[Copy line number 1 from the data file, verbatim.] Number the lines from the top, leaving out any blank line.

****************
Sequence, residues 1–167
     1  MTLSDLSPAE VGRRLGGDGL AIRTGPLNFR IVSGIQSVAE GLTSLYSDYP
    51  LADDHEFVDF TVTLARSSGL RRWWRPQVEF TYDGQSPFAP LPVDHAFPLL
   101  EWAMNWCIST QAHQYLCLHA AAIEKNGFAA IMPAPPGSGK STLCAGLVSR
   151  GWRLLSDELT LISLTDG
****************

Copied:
Sequence, residues 1–167